I am ashamed to admit that prior to this year I had not heard of the European Science Open Forum. I will use the fact that I am not a scientist as an excuse for this failing on my part. I was fully aware of Dublin being the European City of Science this year and it was because of this that I became aware of ESOF. Eyeing up the programme of events and reading into the history of the group only served to make me more ashamed that I had been ignorant of this group for this long. They are a true grassroots movement and their forum is one that brings together people from across the science and research worlds from both academia and industry to fantastic effect.
It was Finn herself that pointed me in the direction of applying to get a media pass to this spectacular event, and it is putting it mildly to say we were ecstatic when we received our confirmation emails – we were going!
It all felt a little unreal until I received my bag and my badge this afternoon in the giant glass drum-shaped foyer of the National Convention Centre in the IFSC. The exhibition floor was buzzing with groups and stands with flashing displays and working prototypes. Finn has photographs on her blog of “Holly” a robotic underwater explorer and we both marvelled at the 3D printer that was busily printing a small building at the Science Gallery stand. There were nibbles and coffee as people from all over the world (some wearing matching t-shirts or jackets) milled about with mini-hamburgers and tiny quiches.
We were ushered up the seemingly unending escalators to the auditorium for the official opening of the Forum. Over the next hour and a half we were thoroughly welcomed – as our MC Dara O’Briain put it – by President Michael D. Higgins, Professor Patrick Cunningham and a host of others. As Professor Cunningham noted, President Higgins speech was not one of simple platitudes but full of thoughtful reflection, took in the larger view of science and it’s place in culture and even poetry. Professor Cunningham even had is own poem about ESOF, which lead to Dara charging everyone with the homework of writing their own poem! I’ve started working on mine, but want to take in the whole conference before I finish it! We even had singing, Irish dancing and the only bodhran player I have ever encountered that made that instrument bearable who had all the audience clapping along. As @CatsInTheMuseum said it was ESOF turns Eurovision for a while there.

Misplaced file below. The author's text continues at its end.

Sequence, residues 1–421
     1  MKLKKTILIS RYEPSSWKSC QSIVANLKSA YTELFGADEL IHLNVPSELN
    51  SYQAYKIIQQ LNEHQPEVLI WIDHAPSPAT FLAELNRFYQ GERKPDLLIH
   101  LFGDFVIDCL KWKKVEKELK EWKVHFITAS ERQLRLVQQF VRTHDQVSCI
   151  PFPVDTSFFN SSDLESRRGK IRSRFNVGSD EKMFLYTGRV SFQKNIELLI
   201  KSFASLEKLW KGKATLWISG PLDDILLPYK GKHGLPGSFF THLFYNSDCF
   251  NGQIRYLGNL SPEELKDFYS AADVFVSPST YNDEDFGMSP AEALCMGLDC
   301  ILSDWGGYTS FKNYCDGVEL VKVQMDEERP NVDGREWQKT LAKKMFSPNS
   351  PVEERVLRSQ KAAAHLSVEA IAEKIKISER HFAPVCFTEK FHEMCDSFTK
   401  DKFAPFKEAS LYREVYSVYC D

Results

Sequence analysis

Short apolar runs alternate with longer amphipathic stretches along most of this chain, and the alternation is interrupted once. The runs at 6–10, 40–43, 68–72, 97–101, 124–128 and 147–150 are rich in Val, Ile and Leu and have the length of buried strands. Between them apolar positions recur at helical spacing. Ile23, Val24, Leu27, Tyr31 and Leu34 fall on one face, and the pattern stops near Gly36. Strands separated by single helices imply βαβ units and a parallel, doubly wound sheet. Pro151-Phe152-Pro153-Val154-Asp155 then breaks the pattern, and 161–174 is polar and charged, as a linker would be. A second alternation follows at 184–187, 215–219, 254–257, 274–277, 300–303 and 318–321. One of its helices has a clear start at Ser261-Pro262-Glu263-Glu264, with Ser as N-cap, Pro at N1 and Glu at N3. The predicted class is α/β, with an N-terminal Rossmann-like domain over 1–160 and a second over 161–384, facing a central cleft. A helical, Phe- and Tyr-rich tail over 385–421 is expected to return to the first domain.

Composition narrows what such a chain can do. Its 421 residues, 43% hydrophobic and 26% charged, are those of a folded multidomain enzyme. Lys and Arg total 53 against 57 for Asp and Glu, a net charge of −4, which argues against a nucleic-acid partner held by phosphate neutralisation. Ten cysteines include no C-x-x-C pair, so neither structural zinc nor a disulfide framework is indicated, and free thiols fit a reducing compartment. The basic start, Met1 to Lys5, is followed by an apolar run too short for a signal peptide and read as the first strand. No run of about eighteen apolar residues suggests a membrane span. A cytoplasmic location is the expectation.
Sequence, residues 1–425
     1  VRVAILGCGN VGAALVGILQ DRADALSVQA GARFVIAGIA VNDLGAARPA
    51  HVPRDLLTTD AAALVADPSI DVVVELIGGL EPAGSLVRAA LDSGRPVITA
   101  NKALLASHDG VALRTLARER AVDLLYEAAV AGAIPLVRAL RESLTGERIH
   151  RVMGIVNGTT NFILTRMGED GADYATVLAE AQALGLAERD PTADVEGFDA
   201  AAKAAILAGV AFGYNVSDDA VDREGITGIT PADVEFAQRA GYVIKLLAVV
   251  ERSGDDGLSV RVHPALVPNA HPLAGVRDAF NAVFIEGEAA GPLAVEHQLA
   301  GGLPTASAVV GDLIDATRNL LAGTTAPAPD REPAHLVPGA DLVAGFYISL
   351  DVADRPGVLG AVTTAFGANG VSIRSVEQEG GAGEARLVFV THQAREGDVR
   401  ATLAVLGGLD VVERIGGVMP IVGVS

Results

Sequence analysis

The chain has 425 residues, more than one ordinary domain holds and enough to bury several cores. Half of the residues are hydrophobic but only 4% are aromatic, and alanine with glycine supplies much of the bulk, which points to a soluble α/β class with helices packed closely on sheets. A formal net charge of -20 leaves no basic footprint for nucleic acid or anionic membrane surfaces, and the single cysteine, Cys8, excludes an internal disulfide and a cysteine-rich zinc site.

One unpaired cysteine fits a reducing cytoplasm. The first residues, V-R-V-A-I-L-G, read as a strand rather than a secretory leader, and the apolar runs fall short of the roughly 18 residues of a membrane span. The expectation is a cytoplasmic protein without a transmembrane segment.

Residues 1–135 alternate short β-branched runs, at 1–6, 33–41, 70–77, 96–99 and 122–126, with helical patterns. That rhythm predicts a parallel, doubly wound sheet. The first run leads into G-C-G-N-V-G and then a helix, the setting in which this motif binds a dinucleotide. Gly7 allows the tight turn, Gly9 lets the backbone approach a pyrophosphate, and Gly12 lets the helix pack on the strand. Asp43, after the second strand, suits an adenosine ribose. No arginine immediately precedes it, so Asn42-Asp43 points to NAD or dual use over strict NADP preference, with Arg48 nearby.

I took the title of this post from Commissioner Maire Geoghegan Quinn in her speech this evening “Science is not a luxury but a necessity”. It is sad that this should ever need to be said as it is so painfully obvious to anyone that was in the room, watching the streamed feed or the hashtag on twitter. This sentiment was echoed in the first keynote speech by Jules Hoffman when he spoke about the need for research purely for curiosity’s sake. Not for the projected outcomes or the business applications but just because it is something that we have yet to know.
Hoffman’s speech was a reflection on his many years work on immune responses in fruit flies that lead to him winning a Nobel prize. It was a testament to him that I was able to follow everything he spoke about, a brief summary of the intricacies of innate immunity, at no point was I confused or overwhelmed by the information. Even though it was a subject that I had no experience of I came away with knowledge of a body of research I had not been aware of an hour previously.
If today’s welcome and first keynote speech are any indication I am going to be challenged, informed and probably boggled by the coming four days – and to be perfectly honest, I can’t wait!